The British government, working hand in hand with consumer advocacy groups, is starting a new campaign to battle predatory lenders. Too many Britons are reliant on the short-term, high-interest loans, and officials are prepared to fight back.

But what will the fallout be, and will this move hurt more people than it helps?

Payday lending is a 2 billion pound per year industry in the UK (roughly 3 billion in US dollars) and it has long been a target for finance reform. But the newest attempt at reform is being given some real teeth.

Financial Conduct Authority

The first of July saw a “summit” between finance ministers, consumer protection groups, and lenders. Some advocates want there to be a cap on how much a borrower can owe a lender, but others don’t think that goes far enough.

The problem isn’t with borrowers, of course, but with the payday lenders who sometimes use misleading advertising and hidden fees.

The use of advertising is one of the first targets for the new created Financial Conduct Authority, which will be given the power to regulate the payday lending industry starting in April of 2014. One of the first steps being considered is a complete ban on all advertising for cash advances and payday loans, which the head of the FCA admitted was “extreme” but still being considered.

Other measures being considered by the FCA include a cap on interest, mandatory data sharing by lenders, and a hard cap on interest rates.

One Million Loans a Month

British consumer group Which? recently conducted a poll and discovered that 4% of Britons – a full one million households – took out a payday loan within the last month. While half the respondents said they can’t cover repayment costs, 38% of them said they needed the money for essential items like food, rent, and fuel.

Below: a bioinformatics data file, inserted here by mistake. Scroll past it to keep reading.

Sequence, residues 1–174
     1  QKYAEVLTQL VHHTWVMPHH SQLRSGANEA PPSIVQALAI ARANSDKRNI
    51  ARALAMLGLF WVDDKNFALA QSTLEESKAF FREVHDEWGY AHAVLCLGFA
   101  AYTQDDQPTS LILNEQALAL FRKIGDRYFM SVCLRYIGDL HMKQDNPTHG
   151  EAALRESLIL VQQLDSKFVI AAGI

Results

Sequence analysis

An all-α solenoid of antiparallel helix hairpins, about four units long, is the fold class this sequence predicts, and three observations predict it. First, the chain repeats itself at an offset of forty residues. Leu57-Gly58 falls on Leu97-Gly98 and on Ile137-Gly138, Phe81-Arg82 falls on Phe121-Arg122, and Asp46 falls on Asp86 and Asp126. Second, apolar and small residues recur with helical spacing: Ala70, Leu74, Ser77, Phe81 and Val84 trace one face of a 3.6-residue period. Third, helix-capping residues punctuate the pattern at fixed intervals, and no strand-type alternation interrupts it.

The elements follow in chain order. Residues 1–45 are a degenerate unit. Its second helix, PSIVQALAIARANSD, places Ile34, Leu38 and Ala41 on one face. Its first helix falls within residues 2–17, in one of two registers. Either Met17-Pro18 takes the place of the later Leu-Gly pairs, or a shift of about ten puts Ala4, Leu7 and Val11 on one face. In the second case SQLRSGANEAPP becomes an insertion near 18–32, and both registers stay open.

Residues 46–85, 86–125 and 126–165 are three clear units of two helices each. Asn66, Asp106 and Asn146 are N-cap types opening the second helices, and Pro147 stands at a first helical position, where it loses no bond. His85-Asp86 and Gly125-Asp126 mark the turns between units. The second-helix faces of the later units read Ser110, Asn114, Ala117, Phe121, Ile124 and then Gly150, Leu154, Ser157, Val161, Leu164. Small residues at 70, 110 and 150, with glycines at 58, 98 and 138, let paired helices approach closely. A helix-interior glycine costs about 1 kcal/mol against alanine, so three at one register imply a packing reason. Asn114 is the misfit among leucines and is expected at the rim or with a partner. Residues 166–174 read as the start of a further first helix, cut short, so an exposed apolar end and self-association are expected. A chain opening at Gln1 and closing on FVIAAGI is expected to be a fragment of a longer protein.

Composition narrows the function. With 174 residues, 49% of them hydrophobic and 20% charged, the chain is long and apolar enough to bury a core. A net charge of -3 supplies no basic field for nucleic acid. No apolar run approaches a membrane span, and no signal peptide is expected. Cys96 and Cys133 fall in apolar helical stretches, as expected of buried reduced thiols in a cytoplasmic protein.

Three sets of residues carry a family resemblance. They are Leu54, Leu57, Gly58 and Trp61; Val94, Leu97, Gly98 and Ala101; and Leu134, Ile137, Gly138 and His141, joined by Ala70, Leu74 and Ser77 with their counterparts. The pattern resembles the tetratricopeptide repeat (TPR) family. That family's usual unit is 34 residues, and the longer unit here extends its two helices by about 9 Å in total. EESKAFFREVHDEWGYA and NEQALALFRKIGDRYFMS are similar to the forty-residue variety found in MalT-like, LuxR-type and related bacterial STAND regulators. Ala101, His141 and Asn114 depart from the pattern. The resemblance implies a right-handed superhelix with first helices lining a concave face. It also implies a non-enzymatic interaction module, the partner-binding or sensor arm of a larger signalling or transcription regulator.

The results of the poll were interesting; not only was payday borrowing much more prevalent than expected, but the borrowers themselves seemed to know it was a bad deal, and yet felt they had no other options.

The question lingers – if the government is moving against payday lenders to stop the debt cycle for its citizens, what happens to those hundreds of thousands of people who need payday loans to buy food, or drive to work?

What Happens to the Borrowers?

While on the surface the argument against “predatory” lenders makes sense, it obfuscates a bigger issue. There are a million people a month using payday loans in the UK. If they no longer have access to this money, what happens to them? What happens to their families? This is not an industry where a majority of the lendees are feeding drug habits, or blowing their money on gambling; by and large the people who use cash advances are working class folks. If the system is shut down a huge number of working class people will be hit, and hit hard.

Will banks suddenly open their doors to the working poor? Or is the likelihood greater that illegal loan sharking will make a resurgence? It’s important to watch how the situation abroad plays out, because it could very quickly happen here in the US as well.

According to Pew Research, roughly 12 million Americans use payday loans every year, to the tune about approximately $7.4 billion. For many, if not most, of these borrowers, it is a last resort. There are very few legal borrowing options for people with bad credit. To criminalize cash advances is to take away the last resort for millions of people in need.

If someone has a broken leg and you take away their crutch, they still need that crutch or they fall down. Hopefully the British government can work out a compromise with the lending industry, to prevent one million working class Britons from falling at once.

Similar Posts: